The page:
figure: Fig. 10

Fig. 10 (a) The roller is processed by a roller cutter with the designed profile. (b) The roll-to-roll UV–cured imprinting process is applied to form a cylindrical lens array on a PET film. (c) A micro-scope photo of the cylindrical lens array, the pitch of each lens is 440μm.

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 figure: Fig. 11

Fig. 11 The setup of the optical elements in the working prototype

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The drawing and the photograph of our optical experimental setup is shown in Fig. 12(a) and (b) , respectively. To directly show the ray propagation, the light guide was illuminated by a side-lit collimation. Color LED rays from the focal plane of the collimated lens was collimated before coupling into the light guide. The cylindrical lens array on top of the light guide was then used to convert the angular-colored components into R-G-B-G periodical line pattern as the full-pixel array. To measure its optical characteristics, the CCD camera and spectroradiometer SR-UL1R for ultra-low luminance from Topcon Technohouse Corporation [16] were used to capture the line pattern and its color gamut. To determine color gamut, SR-UL1R used a diffraction grating, relay optics, and a linear CCD sensor to measure the dispersed colorful light on the image plane of the cylindrical lens array. The light intensity of each color was converted to electrical signals and reported as derived colorimetric results. The CIE xy values were computed from the full array of spectral data using precision functions (standard tri-stimulus integrals) prescribed by the CIE. The accuracy of luminance measurements was down to 0.001 cd/m2.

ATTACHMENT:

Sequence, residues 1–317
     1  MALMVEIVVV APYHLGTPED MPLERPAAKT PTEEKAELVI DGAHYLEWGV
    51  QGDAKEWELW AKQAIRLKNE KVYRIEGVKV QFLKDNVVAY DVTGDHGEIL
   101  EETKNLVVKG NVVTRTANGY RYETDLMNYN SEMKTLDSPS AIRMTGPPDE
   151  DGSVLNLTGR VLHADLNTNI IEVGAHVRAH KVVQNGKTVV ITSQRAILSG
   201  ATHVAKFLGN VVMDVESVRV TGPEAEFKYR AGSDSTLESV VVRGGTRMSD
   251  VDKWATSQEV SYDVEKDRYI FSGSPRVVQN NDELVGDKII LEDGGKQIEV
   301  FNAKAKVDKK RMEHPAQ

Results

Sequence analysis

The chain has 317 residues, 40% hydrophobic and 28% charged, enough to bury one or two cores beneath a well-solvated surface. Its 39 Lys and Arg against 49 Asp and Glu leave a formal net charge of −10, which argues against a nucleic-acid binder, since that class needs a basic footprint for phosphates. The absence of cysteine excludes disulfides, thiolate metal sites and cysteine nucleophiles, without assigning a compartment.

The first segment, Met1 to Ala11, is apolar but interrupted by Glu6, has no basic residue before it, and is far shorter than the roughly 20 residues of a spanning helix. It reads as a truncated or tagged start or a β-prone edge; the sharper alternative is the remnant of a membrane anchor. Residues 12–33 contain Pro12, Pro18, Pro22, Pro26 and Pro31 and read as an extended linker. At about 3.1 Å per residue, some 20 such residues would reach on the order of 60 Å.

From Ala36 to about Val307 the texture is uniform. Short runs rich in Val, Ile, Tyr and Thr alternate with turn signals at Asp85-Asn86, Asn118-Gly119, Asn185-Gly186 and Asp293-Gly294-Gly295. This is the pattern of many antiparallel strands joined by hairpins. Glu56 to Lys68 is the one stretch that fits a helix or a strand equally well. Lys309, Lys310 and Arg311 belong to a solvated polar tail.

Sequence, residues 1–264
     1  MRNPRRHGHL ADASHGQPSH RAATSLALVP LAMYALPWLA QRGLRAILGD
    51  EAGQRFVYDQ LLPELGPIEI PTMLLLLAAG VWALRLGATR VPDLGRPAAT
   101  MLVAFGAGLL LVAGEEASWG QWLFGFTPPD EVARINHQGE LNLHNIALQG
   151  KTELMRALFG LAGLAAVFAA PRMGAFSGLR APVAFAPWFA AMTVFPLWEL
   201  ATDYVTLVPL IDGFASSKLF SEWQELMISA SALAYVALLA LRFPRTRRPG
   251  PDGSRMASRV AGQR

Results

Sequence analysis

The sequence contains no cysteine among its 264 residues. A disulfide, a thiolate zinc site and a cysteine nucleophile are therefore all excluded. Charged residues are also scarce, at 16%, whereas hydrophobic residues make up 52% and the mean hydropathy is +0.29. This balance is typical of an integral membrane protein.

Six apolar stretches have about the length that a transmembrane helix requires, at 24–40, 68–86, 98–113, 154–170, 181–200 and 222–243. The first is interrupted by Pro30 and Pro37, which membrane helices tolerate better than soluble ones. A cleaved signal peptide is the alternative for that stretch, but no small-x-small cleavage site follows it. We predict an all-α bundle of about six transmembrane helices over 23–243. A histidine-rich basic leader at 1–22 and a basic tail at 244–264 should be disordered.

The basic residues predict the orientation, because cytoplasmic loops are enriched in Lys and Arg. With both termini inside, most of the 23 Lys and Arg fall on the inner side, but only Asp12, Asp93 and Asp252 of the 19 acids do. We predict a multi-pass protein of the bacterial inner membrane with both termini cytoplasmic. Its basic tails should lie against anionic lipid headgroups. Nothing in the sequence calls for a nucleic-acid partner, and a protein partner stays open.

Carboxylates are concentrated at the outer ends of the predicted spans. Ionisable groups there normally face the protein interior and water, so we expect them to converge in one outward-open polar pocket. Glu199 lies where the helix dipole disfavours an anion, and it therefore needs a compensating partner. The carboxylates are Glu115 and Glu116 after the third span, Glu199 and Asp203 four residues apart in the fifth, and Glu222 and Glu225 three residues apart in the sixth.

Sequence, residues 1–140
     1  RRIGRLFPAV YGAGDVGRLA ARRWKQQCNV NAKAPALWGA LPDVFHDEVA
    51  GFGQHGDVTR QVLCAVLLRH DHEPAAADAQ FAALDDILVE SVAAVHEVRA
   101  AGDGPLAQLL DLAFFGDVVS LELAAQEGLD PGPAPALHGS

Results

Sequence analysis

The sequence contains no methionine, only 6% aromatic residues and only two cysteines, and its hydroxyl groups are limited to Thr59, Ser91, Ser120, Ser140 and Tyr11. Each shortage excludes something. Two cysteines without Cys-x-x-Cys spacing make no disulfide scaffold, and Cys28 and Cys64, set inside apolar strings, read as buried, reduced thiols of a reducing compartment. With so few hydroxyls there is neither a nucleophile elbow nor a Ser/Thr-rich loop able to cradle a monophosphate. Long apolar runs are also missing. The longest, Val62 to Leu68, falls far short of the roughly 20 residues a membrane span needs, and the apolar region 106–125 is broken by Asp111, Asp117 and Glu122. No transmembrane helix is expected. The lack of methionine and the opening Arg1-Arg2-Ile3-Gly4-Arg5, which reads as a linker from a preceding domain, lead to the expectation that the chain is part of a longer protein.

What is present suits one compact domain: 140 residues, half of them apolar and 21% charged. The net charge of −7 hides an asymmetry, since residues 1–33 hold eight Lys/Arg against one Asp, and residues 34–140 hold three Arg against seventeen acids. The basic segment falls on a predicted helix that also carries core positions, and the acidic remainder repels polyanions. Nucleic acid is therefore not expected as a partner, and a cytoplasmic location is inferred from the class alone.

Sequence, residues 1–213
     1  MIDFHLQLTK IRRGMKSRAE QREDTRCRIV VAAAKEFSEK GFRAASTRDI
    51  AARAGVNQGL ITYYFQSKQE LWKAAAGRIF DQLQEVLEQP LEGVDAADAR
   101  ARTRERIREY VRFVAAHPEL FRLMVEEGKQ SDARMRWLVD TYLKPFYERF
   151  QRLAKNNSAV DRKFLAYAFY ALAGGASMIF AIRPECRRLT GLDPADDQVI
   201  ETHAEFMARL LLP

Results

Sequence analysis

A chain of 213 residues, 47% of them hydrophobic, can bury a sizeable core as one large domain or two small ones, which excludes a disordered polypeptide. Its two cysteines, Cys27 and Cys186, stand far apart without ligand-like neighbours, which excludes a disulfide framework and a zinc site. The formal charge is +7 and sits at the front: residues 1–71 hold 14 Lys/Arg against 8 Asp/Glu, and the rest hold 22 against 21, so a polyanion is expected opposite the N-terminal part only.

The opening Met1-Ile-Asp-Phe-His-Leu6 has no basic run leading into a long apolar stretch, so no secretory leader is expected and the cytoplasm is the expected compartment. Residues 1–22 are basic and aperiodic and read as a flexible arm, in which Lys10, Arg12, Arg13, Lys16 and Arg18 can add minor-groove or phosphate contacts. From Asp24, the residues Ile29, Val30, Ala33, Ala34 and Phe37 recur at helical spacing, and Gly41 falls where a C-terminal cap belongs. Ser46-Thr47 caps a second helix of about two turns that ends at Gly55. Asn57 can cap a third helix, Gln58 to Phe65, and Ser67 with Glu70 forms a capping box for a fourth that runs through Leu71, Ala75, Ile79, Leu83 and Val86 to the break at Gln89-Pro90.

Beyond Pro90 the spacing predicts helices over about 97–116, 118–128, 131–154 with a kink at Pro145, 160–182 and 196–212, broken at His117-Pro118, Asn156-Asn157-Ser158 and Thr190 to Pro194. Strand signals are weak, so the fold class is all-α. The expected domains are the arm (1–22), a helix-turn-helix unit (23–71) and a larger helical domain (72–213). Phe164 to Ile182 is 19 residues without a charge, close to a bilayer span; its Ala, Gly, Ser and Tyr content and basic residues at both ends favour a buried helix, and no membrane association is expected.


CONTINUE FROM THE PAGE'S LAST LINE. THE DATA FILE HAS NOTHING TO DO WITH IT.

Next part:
figure: Fig. 12

Fig. 12 (a) The optical measurement setup for color-separation by the proto-type. (b)The prototype backlight illuminated by the color LEDs.

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The color gamut is commonly expressed as a percentage of NTSC to define the range of color that a system can reconstruct. NTSC is a color TV standard developed by the National Television System Committee and 100% of NTSC means the full range of color that can theoretically be displayed.